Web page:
What education is to the individual man, revelation is to the whole human race... Education gives man nothing which he could not also get from within himself; it gives him that which he could get form within himself, only quicker and more easily. In the same way too, revelation gives nothing to the human race which reason could not arrive at on its own; only it has given, and still gives to it, the most important of these things sooner.
Too much attention has been paid to making education attractive by smoothing the path as compared with inducing strenuous voluntary effort.
A wise system of education will at least teach us how little man yet knows, how much he has still to learn.
There is only one sound method of moral education. It is teaching people to think.
The God-given rights of parents are not understood or are ignored by our secularist educators and by many school administrators who, in the delusion of sovereignty, act as though they, not the parents, have complete control of the education of the child.
The habit of saving is itself an education; it fosters every virtue, teaches self-denial, cultivates the sense of order, trains to forethought, and so broadens the mind.
Help your children understand that excellence in education cannot be achieved without intellectual and moral integrity coupled by hard work and commitment.
Character development is the great, if not the sole, aim of education.
The end and aim of all education is the development of character.
Education means drawing forth from the mind latent powers and developing them, so that in mature years one may apply these powers not merely to success in one's occupation, but to success in the greatest of all arts - the art of living.
Thus education forms the common mind: just as the twig is bent, the tree’s inclined.
The most creative job in the world. It involves taste, fashion, decorating, recreation, education, transportation, psychology, cuisine, designing, literature, medicine, handicraft, art, horticulture, economics, government, community relations, pediatrics, geriatrics, entertainment, maintenance, purchasing, direct mail, law, accounting, religion, energy, and management. Anyone who can handle all those has to be somebody special. She is. She’s a homemaker.
It depends on education to open the gates which lead to virtue or to vice, to happiness or to misery.
Education comes to us from nature, from men, or from things. The inner growth of our organs and faculties is the education of nature, the use we learn to make of this growth is the education of men, what we gain by our experience of our surroundings is the education of things. Thus we are each taught by three masters. If their teaching conflicts, the scholar is ill-educated and will never be at peace with himself; if their teaching agrees, he goes straight to his goal, he lives at peace with himself, he is well-educated.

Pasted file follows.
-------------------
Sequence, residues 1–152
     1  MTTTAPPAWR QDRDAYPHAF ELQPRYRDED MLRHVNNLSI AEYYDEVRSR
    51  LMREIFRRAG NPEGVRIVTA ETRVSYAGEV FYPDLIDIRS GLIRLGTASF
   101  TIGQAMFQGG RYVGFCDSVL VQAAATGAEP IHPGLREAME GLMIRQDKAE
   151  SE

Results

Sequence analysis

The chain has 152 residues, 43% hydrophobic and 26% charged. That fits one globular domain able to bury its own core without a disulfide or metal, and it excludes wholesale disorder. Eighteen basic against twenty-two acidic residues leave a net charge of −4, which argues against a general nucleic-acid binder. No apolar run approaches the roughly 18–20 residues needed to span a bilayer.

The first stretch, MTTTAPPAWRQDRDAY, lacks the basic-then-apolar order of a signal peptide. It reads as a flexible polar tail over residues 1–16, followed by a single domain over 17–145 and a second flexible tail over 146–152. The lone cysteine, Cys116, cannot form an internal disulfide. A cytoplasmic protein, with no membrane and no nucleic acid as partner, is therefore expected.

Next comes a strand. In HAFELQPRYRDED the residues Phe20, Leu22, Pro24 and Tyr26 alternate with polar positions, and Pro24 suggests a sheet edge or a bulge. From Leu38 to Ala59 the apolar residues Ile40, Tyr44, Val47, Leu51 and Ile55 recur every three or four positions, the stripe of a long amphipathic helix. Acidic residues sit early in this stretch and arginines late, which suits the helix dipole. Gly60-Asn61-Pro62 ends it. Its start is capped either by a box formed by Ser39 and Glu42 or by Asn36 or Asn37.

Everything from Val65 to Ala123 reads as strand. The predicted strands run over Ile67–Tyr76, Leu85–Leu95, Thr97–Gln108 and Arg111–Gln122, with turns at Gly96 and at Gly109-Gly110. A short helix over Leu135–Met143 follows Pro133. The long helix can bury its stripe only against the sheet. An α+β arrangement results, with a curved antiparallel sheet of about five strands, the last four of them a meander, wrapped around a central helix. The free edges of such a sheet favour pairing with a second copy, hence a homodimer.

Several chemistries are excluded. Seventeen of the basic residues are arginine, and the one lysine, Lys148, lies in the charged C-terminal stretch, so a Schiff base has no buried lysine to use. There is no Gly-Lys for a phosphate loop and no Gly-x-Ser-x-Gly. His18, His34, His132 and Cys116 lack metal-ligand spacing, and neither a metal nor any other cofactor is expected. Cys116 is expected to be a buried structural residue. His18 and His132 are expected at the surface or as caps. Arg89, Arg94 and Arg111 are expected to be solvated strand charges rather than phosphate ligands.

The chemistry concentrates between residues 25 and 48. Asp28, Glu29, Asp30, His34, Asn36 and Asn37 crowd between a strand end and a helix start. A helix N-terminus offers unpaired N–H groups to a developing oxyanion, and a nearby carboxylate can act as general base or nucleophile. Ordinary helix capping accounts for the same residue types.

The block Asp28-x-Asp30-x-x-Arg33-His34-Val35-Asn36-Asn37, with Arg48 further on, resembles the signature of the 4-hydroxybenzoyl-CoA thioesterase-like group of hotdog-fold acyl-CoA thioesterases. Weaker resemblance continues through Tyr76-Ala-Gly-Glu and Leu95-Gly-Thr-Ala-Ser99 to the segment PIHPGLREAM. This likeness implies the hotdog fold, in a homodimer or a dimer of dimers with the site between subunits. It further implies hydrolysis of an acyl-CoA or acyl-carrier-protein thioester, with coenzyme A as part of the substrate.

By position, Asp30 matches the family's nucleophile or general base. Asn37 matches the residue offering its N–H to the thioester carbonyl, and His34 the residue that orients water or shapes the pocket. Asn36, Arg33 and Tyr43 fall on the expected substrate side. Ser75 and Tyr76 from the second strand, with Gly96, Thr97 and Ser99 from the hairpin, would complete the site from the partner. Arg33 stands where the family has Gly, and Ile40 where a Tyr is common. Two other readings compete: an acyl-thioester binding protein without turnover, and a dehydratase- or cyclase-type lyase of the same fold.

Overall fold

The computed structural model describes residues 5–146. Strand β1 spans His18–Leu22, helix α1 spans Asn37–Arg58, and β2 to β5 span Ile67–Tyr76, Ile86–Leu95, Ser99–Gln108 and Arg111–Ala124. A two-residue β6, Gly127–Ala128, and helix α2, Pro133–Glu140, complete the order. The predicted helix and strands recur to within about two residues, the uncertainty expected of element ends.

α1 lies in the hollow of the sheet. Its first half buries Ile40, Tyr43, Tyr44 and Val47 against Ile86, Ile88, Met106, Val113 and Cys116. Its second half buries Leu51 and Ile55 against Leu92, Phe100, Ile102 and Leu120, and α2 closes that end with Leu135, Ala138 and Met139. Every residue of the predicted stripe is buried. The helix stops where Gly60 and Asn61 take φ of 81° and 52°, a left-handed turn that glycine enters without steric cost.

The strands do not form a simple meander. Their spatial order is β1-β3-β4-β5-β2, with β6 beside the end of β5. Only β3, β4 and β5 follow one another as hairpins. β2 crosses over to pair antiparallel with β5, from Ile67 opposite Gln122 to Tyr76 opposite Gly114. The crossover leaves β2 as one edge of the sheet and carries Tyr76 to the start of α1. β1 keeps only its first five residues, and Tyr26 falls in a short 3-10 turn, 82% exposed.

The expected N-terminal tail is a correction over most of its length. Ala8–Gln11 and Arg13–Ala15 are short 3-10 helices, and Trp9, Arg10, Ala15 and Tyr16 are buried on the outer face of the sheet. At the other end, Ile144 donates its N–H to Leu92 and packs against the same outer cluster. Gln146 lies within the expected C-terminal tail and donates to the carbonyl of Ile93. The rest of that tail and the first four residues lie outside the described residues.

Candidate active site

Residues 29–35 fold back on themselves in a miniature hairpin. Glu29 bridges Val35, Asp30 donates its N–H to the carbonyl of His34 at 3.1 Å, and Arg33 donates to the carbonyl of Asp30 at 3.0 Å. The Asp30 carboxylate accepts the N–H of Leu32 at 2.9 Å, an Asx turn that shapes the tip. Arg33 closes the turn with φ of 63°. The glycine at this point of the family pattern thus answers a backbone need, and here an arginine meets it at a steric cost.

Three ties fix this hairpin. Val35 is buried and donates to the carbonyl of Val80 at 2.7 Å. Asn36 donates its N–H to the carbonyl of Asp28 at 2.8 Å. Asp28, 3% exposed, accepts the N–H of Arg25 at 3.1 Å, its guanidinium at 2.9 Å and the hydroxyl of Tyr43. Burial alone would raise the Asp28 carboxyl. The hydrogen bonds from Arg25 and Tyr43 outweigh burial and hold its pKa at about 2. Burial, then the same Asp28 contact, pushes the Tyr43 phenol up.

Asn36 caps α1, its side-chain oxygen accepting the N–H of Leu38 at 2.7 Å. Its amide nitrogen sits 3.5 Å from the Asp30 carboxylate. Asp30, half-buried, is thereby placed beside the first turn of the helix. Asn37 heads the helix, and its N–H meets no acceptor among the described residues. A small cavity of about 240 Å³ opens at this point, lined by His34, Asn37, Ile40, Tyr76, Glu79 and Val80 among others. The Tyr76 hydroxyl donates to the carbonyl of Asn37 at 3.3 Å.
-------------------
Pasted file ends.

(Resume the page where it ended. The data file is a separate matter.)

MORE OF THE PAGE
Education as a political weapon could not exist if we respected the rights of children. If we respected the rights of children, we should educate them so as to give them the knowledge and the mental habits required for forming independent opinions; but education as a political institution endeavors to form habits and to circumscribe knowledge in such a way as to make one set of opinions inevitable.
Education is, as a rule, the strongest force on the side of what exists and against fundamental change: threatened institutions, while they are still powerful, possess themselves of the educational machine, and instill a respect for their own excellence into the malleable minds of the young.
Neither acquiescence in skepticism nor acquiescence in dogma is what education should produce. What it should produce is a belief that knowledge is attainable in a measure, though with difficulty; that much of what passes for knowledge at any given time is likely to be more or less mistaken, but that the mistakes can be rectified by care and industry... Knowledge, like other good things, is difficult, but not impossible; the dogmatist forgets the difficulty, the skeptic denies the possibility. Both are mistaken, and their errors, when widespread, produce social disaster.
One generation of fearless women could transform the world, by bringing into it a generation of fearless children, not contorted into unnatural shapes, but straight and candid, generous, affectionate, and free. Their ardor would sweep away the cruelty and pain which we endure because we are lazy, cowardly, hard-hearted and stupid. It is education that gives us these bad qualities, and education that must give us the opposite virtues. Education is the key to the new world.
True education makes for inequality; the inequality of individuality the inequality of success; the glorious inequality of talent, of genius, for inequality, not mediocrity, individual superiority, not standardization, is the measure of the progress of the world.
Consideration is not merely a matter of emotional goodwill but of intellectual vigor and moral self-sacrifice. Wisdom must combine with sympathy. That is why consideration underlies the phrase "a scholar and a gentleman," which really sums up the ideal of the output of a college education.